Genetic testing offers more promising new treatments
With your support we help fund clinical trials that give our patients, and cancer patients across the world, access to the latest breakthrough treatments.
The Royal Marsden Cancer Charity is the largest charitable funder of research at The Royal Marsden. Experts from The Royal Marsden presented research that suggested vital benefits to using next generation sequencing in patients with Non-Hodgkin lymphoma at The American Society of Haematology (ASH) virtual conference.
Patients with specific types of blood cancer (Non-Hodgkin lymphoma) could receive an improved and more accurate diagnosis through new genetic testing, allowing them access to promising new treatments according to research led by The Royal Marsden.
Results from this four-year multi-centre trial, ENABLE-NGS, were presented by Dr Matthew Cross, Clinical Research Fellow at The Royal Marsden, whose role is funded by the Charity.
Dr Matthew Cross said: “Previously, tests for Non-Hodgkin lymphoma have only been able to look at one gene at a time to explore mutations but by using next generation sequencing technology, researchers in this trial analysed up to 70 different genes at the same time to identify multiple mutations relevant to the patient’s diagnosis. Identifying these genetic changes can be key to assigning a specific category in certain Non-Hodgkin Lymphomas which then leads to a range of new targeted treatments becoming accessible for the patient.”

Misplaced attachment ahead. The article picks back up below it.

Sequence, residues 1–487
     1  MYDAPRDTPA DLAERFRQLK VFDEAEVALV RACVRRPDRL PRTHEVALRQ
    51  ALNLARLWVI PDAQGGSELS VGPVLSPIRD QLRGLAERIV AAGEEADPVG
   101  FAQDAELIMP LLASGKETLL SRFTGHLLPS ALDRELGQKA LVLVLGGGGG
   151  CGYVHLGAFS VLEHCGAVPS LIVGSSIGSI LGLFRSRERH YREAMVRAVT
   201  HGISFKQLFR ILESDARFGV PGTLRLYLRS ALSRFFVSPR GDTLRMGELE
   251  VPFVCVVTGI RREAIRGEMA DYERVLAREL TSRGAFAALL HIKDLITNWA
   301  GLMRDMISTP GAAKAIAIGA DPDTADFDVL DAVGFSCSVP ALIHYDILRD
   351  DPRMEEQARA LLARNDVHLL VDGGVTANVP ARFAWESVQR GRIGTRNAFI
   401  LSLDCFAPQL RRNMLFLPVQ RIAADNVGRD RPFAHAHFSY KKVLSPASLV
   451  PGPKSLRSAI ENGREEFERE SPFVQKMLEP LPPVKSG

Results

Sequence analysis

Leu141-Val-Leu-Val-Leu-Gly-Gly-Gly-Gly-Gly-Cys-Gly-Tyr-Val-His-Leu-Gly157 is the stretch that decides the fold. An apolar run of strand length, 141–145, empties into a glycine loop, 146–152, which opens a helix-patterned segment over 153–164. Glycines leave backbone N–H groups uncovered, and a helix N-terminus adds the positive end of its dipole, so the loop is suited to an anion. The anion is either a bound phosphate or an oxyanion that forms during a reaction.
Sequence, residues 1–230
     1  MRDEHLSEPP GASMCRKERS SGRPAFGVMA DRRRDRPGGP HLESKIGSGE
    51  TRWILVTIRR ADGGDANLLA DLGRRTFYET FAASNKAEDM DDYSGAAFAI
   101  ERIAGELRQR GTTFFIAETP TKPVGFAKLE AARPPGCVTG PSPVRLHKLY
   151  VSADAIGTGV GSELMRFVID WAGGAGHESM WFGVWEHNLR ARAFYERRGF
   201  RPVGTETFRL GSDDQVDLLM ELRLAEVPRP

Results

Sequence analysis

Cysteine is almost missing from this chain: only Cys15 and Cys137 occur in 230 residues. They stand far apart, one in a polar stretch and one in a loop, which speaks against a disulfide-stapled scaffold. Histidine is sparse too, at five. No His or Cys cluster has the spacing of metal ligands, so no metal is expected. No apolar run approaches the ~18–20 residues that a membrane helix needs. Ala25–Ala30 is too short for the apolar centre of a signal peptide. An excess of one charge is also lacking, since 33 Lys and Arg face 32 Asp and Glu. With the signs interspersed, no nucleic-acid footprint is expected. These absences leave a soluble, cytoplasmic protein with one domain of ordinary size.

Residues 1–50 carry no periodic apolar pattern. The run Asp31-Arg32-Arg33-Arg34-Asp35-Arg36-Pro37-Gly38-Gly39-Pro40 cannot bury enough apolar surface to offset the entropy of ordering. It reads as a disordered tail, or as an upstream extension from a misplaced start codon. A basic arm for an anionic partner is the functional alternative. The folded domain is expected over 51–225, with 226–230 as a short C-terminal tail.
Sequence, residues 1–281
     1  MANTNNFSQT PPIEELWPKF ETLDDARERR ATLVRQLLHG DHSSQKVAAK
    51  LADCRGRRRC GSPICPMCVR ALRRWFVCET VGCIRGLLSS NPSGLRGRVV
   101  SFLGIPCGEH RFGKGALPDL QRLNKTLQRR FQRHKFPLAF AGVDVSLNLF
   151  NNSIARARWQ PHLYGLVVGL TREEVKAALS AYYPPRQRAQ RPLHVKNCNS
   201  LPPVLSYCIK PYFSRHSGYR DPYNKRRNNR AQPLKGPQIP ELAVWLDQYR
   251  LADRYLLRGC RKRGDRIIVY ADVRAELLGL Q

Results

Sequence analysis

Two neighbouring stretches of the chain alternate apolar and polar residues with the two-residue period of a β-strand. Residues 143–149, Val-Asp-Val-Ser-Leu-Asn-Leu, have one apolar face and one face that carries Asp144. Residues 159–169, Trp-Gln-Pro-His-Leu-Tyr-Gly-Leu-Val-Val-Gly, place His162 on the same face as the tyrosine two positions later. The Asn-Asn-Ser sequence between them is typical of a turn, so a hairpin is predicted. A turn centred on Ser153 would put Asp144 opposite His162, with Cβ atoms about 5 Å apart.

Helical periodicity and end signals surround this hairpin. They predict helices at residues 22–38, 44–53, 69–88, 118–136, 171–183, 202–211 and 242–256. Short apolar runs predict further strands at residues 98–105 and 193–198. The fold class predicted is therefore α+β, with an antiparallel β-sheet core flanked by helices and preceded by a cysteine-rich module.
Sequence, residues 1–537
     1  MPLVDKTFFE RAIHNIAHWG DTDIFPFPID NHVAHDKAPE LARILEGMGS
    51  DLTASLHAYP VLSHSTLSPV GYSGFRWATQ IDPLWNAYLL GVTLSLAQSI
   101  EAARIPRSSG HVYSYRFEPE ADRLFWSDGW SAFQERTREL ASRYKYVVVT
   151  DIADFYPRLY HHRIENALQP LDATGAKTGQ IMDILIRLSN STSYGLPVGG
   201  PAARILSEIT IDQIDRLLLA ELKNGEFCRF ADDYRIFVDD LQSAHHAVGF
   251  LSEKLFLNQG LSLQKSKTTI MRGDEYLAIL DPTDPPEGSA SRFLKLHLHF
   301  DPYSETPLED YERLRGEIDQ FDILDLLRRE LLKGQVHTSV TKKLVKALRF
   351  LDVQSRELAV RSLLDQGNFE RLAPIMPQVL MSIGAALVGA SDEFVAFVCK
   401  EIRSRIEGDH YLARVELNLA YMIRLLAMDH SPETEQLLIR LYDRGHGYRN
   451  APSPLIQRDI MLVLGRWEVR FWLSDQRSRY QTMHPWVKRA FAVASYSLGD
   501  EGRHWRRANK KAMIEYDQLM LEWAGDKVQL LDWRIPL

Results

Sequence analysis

Over 100 patients were enrolled onto the ENABLE-NGS trial, across 14 different UK centres, and blood samples were obtained for analysis through the next generation sequencing process at The Royal Marsden. Using innovative testing equipment in state-of-the-art laboratories, researchers were able to extract and fragment tumour DNA from blood samples to identify gene mutations in order to give a more accurate diagnosis and tailor treatment accordingly. Technology used in the next generation sequencing by the molecular diagnostics team included the latest DNA sequencing machine, the NovaSeq 6000, funded thanks to a generous donation of £1 million from the Denise Coates Foundation to The Royal Marsden Cancer Charity.
Patient Les Hereward, 71, said:
“I was diagnosed with lymphoma in 2016 but after a barrage of tests, it still wasn’t clear what type of lymphoma I had, which was very frustrating as it meant my treatment options were very limited. I was delighted to be asked to join this trial at The Royal Marsden last year as I hoped to get some clarity on my condition, which I have since received. Knowing I have follicular lymphoma has made a huge difference to my life in so many ways - I am now on a targeted treatment with a much better outlook and feel better than ever before.”